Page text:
Time for Course Correction

sinking shipIsn’t it time for a course correction?

No matter how brilliant your plans were at the start of the year, you are certainly off-course right now. Mid-year is the time for a course correction, and our best-run clients do it quarterly. If you’ve already done an update to your plans and strategy, you are probably on the right track now! But, if you haven’t done it yet, I’m going to give you a recipe for a great strategy and planning meeting.

You’ll need to schedule a time and place for your planning session, assign pre-work, prepare an agenda, lead the meeting, and follow-up on execution. Here are the details on each of the 5 steps:

1. The best place for this kind of meeting is off-site. You want the full attention of your leadership team, without the distractions of daily operations. If your team is very small and it’s hard to get away, you’ll need to use a weekend day or close for a day. Next, pick a location with the right atmosphere that fits your budget. Hotels and conference centers are easy, but also pricey and boring. Interesting alternatives are breather.com and airbnb.com, or a country club. We like to start with a dinner the night before to get people thinking before the main meeting. Sending folks off to sleep after a stimulating discussion is a great way to create deep thinking and begin the team alignment.

2. Assign pre-work to your team:

  • Review your goals and priorities for the year, note what’s complete (green), in progress (yellow), or behind/stalled (red).
  • Find 2 stories of something the company has done really well (like client/customer successes) and make some notes.
  • Make a list of what you think the company should start, stop, and continue doing now.
  • Make a list of the current strengths, weaknesses, opportunities, and threats (the SWOT, you can also include major trends in the world).
  • List out the top 3 issues that you think need to be dealt with now.

3. The following agenda works well, but it’s better if you can hire a facilitator (like a Gazelles coach):

  • Host a dinner the night before, and share stories of things you did well as a company from your prep-work assignment.
  • Continue your dinner conversation with an informal review of your SWOT. Go easy on the alcohol, this is not a night for heavy drinking.
  • Finish the evening with sharing of the top issues people came up with. Send them to bed engaged and thinking.
  • Begin your meeting the next morning with the intended outcome and a preview of the day.
  • The first segment should be a review of core strategy: company values, purpose, brand promise, BHAG (10-30 goal, 3-5 year goals, SWOT and/or trends (if you did trends).
  • Next, you’ll want to review people and functional roles. Do you have the right people, in the right seats?
  • Now review the cash position and your business model. We use the Cash Conversion Cycle or the Power of One exercises to find new cash for growth.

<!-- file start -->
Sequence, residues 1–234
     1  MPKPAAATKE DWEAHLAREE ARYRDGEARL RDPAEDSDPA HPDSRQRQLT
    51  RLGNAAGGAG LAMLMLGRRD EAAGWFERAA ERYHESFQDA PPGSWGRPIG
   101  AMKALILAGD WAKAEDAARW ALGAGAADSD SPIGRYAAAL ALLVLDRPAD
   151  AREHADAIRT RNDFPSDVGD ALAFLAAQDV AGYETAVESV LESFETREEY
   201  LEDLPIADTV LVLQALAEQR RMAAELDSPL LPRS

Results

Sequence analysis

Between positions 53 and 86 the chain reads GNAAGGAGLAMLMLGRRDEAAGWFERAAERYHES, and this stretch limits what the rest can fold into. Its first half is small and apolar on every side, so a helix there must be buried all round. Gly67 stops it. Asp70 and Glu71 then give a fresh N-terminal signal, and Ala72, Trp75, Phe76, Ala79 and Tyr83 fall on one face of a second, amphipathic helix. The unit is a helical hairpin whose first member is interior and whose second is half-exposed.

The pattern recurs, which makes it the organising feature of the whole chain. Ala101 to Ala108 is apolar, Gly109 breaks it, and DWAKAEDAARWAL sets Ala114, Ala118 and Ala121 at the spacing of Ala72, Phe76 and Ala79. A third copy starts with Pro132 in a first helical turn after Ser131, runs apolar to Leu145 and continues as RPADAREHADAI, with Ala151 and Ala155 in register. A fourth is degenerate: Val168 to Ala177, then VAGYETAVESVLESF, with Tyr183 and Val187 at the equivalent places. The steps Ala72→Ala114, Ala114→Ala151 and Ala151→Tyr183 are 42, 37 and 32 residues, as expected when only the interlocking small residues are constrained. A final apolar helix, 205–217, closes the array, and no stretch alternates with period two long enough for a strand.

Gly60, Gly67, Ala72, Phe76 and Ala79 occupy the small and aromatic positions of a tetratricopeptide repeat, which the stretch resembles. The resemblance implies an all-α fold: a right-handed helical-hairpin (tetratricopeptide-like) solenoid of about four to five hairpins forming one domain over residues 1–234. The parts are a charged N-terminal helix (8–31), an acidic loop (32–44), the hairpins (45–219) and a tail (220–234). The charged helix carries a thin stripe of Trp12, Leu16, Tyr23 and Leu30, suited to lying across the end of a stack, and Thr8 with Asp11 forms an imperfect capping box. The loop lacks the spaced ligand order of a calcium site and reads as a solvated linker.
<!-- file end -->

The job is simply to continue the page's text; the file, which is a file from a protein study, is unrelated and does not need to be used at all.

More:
• Begin execution planning for the next quarter (or the rest of the year) with a review of the YTD performance on goals and priorities. Let everyone share their own green/yellow/red and be wary of any who are “all green.”
  • You should now be able to create 3-5 priorities for the company and align on the #1 priority. Your prep work began this thinking but your early ideas will have changed.
  • Once you have the company priorities set, you’ll want to create a theme that captures the spirit, and assign a theme team to communicate it.
  • Finish off your work by having everyone create (and share) personal priorities and action plans for the period ahead. What will they need to do to fulfill the company priorities?
  • Complete your meeting with a little celebration to acknowledge the good work, and to allow for informal processing of all your thinking. This social time is important.

4. If you are leading this meeting yourself, it helps greatly to have people think and write before speaking, and to let everyone else speak before the CEO or founder does. Every group has vocal and dominant voices that can overwhelm great input from more quiet team members. As your meeting begins and progresses, watch for people that might be unsettled or unhappy. These people may be ready to leave the team, or have a deep concern that they haven’t been able to share. If you have hired a facilitator or coach, make sure that you are in alignment on the outcomes and process.

5. No matter how great the meeting was, your followup habits will determine it’s success in execution. We capture action items for followup in every meeting using a designated person and a WHO/WHAT/WHEN sheet. Then we put all our strategy and planning work into the AlignToday tool. We like team members to have a printed Vision Summary sheet afterwards in their work areas, and we believe on using a Daily Huddle to keep the team in sync.

PrintIf you’d like to talk this through, we offer a free consultation. We can also help facilitate and coach these as private meetings, or in affordable Gazelles group sessions.